“We believe that we are favorably positioned to compete with coal producers in all four primary coal producing basins in the United States primarily because of: (i) our significant transportation cost advantage compared to producers in the Illinois Basin and the Powder River Basin that incur higher rail transportation rates to deliver coal to our core market in the eastern United States, (ii) our favorable operating environment compared to producers in the Central Appalachian Basin, where production has been declining and is expected to continue to decline primarily due to the basin’s high cost production profile, reserve degradation and difficult permitting environment and (iii) the high-quality characteristics of our coal, which enables us to compete for demand from a broader range of coal-fired power plants compared to mining operations in basins that typically produce coal with a comparatively lower heat content, such as the Illinois Basin and Powder River Basin, mining operations in basins that typically produce coal with a comparatively higher sulfur content, such as the Illinois Basin and most areas in the Northern Appalachian Basin, and mining operations in basins that typically produce coal with a comparatively higher chlorine content, such as the Illinois Basin. For example, our recoverable coal reserves have an average gross heat content of approximately 13,000 Btus per pound and an average sulfur content of 2.38% compared to an average gross heat content of 11,619 Btus per pound and an average sulfur content of 2.74% for other coal master limited partnerships, based on publicly available data. In addition, our logistics infrastructure and proximity to coal-fired power plants in the eastern United States provide us with operational and marketing flexibility, reduce the cost to deliver coal to our core market and allow us to realize higher netback prices. These advantages, combined with our ability to maintain low operating costs, allow us to generate favorable margins in relation to our peers.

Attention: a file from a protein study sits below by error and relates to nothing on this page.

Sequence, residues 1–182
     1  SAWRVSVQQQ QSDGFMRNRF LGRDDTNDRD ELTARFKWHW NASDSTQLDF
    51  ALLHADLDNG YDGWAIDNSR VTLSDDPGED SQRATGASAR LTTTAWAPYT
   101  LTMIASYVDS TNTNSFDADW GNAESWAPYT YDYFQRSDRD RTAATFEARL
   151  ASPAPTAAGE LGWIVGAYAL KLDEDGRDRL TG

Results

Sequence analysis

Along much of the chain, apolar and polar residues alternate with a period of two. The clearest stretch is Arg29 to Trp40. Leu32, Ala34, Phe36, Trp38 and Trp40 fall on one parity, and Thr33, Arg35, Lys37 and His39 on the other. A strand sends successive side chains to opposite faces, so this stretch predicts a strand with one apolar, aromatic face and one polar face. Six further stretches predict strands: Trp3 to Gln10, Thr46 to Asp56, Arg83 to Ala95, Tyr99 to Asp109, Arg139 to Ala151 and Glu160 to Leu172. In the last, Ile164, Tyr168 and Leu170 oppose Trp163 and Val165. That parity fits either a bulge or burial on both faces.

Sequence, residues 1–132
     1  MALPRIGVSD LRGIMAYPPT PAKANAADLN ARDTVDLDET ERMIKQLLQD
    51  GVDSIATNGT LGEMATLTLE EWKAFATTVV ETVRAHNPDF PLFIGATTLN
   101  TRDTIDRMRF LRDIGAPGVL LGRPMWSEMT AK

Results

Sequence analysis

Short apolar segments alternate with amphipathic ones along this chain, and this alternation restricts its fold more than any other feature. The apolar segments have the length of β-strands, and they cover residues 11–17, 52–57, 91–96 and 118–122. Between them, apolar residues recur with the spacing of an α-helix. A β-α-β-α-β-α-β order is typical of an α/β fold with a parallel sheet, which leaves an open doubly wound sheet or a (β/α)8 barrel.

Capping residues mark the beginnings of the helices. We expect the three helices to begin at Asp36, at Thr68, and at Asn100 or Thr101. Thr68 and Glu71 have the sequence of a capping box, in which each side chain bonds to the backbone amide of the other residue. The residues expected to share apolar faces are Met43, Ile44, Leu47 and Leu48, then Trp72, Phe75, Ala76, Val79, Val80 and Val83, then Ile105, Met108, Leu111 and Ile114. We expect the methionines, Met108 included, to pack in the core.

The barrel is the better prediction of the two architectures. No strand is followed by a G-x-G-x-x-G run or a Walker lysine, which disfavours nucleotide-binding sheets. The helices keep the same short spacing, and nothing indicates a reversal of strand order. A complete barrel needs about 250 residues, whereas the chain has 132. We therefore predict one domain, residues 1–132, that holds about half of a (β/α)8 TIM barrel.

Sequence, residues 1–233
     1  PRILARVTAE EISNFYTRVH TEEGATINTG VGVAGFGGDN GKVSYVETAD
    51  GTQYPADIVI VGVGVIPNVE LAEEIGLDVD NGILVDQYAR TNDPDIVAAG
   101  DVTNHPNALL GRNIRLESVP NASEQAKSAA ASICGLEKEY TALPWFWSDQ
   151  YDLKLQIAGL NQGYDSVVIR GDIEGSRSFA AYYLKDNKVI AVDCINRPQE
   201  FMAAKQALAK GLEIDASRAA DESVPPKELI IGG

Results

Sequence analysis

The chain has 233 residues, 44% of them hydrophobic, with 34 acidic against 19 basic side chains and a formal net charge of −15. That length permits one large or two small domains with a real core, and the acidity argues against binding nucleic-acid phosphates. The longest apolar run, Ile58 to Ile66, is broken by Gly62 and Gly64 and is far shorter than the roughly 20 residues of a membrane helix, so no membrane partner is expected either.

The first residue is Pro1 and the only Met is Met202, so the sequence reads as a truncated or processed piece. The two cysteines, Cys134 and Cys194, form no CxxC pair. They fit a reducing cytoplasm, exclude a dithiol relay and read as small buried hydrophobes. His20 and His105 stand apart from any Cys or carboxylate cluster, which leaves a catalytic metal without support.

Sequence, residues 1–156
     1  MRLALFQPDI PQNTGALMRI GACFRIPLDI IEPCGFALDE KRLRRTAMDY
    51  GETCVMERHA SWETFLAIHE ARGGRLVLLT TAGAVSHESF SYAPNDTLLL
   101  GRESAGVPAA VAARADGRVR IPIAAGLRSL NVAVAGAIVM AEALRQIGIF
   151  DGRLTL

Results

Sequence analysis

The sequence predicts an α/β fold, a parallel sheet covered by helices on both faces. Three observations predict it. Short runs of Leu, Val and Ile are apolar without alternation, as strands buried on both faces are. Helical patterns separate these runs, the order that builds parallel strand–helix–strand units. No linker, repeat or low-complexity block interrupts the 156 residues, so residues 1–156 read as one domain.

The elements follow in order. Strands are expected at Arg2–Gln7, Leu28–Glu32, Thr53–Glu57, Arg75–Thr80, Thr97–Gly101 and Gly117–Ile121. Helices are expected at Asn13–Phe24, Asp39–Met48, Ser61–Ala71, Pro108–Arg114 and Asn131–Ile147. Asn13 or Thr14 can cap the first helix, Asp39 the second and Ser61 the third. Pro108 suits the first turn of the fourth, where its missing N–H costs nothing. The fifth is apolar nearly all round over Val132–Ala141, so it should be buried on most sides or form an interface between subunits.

“We also have favorable access to international coal markets through our long-standing commercial relationship with a leading coal trading and brokering company that maintains a broad market presence with foreign coal consumers and through CONSOL Energy’s Baltimore Marine Terminal. The Baltimore Marine Terminal provides coal transshipments directly from rail cars to ocean-going vessels and is the only coal marine terminal on the East Coast served by two rail lines (Norfolk Southern and CSX). For the years ended December 31, 2013 and 2014, the Pennsylvania mining complex sold (on a 100% basis) approximately 4.2 million tons and 3.3 million tons of coal (or 20% and 13% of total sales), respectively, into international coal markets. Both the thermal coal and metallurgical coal international markets provide us with valuable options for delivering our coal and allow us to optimize our sales portfolio and take advantage of pricing opportunities in the international market as they arise. We believe that projected global growth in both the thermal and metallurgical coal markets will support growing international demand for our coal as well as improved margins for our international sales.